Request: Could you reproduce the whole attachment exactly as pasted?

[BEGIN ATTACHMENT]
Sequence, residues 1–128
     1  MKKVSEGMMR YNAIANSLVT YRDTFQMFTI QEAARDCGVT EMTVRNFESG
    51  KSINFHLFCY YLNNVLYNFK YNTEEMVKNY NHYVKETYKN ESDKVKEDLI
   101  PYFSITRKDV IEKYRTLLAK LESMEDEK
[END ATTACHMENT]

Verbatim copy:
Sequence, residues 1–128
     1  MKKVSEGMMR YNAIANSLVT YRDTFQMFTI QEAARDCGVT EMTVRNFESG
    51  KSINFHLFCY YLNNVLYNFK YNTEEMVKNY NHYVKETYKN ESDKVKEDLI
   101  PYFSITRKDV IEKYRTLLAK LESMEDEK